Bye bye RSI?

Discussion in 'iPad' started by northernbaldy, May 31, 2010.

  1. northernbaldy macrumors 6502a

    northernbaldy

    Joined:
    Jan 13, 2010
    Location:
    the north, UK
    #1
    Hmm, my fingers and wrists feel great!

    A long time ago I moved from mouse, to tablet and pen, because of RSI problems.
    Recently the problems started to come back after using my MBP with the track pad.
    I don't know why the iPad would be any different, it is after all, a giant track pad, but this weekend I'm not suffering like I was!

    Ace :)
     
  2. spammerhamster macrumors 6502

    Joined:
    Feb 5, 2010
    #2
    You just wait. Neckstrain and shoulderpain is around the corner
     
  3. cell9477 macrumors newbie

    Joined:
    Jun 1, 2010
    #3
    Excruciating Pain

    I've had my iPad for two days now, and to my dismay, it's causing me more and more pain to use. And that's mostly just non-typing use. When I actually type on it, it gets worse. I do have carpal tunnel, which doesn't really bother me when I use a computer. The iPad has been causing my fingers to swell -- I can see it that my wedding ring becomes impossible to take off.

    From having carpal tunnel for many years and learning to manage it that it rarely bothers me, I see these problems giving me trouble:

    - Having to hold it in my hands, requires using constant tension on the hand-tendons. This is a type of carpal tunnel aggravator (my doctor had some flexion-related term for it). I've tried to keep it just sitting in my lap and that helps, but doesn't quite keep it at my preferred viewing angle.

    - Constant scrolling and dragging of fingers on the screen is also requiring this constant need to keep the fingers at a slight tension. On a computer keyboard, I use light key presses for scrolling, with my hands fully relaxed between presses.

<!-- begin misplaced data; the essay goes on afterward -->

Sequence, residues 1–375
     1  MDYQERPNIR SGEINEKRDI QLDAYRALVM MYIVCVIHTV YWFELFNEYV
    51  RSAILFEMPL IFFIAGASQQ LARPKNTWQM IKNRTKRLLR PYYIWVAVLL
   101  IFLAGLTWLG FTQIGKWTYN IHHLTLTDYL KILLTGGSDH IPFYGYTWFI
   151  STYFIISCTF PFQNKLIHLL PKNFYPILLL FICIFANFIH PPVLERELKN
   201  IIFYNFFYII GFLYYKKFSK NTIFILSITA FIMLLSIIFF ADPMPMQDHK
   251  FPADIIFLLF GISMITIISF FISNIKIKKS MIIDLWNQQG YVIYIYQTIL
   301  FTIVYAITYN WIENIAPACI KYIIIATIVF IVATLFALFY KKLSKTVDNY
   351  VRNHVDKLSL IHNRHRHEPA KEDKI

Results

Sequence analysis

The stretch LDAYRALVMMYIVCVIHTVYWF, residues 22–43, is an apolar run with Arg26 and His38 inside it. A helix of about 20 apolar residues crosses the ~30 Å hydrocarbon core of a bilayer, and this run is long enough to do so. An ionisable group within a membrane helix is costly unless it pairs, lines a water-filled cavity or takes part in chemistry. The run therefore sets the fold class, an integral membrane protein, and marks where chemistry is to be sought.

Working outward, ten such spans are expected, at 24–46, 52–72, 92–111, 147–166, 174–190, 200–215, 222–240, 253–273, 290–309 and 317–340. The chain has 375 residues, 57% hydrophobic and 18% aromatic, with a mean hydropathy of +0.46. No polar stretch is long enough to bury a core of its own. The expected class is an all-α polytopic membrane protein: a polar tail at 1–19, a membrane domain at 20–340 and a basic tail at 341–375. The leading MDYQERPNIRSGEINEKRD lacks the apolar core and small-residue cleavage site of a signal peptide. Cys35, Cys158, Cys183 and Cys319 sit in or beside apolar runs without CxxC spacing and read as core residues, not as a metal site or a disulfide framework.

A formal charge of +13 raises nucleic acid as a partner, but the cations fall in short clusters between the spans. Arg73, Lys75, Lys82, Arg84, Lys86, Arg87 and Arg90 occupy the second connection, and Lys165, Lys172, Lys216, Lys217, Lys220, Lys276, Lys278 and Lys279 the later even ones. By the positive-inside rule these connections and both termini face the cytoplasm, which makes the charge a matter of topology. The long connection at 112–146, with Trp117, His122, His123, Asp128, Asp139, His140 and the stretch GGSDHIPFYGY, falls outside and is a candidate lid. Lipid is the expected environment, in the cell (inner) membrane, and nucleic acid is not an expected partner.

- Typing on the iPad has the fingers hitting a hard surface. I have found that the softer the keys on a computer keyboard, the more they reduce the type of carpal tunnel aggravator that is caused by impact (even light tapping) to the fingers.

    - Most of the touching of the iPad occurs with the iPad elevated, which means that my wrists have to be in a reverse-flex position, which is a carpal tunnel aggravator. The best wrist position is when the wrists are completely straight or down at 5-10 degrees. A wrist position like this can be attained using a laptop computer keyboard on one's lap.

    I can see so many uses for the iPad, and love its gorgeous screen for use as a photography portfolio and selling/marketing tool, but I feel that with the pain it has been causing me just surfing the web on it for two days, the only use I could use it for would be for showing my photography portfolio to potential clients. And I wonder if that's enough to justify the price. I will be thinking hard about that and am going look into a 13" Mac Book Pro as an alternative, while i still have the option to return the iPad within the two-week return period.

    :(
     
  4. sheppy1 macrumors 6502a

    sheppy1

    Joined:
    Sep 8, 2008
    #4
    Haha I have both of those now and I've only been using it for a day...worth it though :D
     

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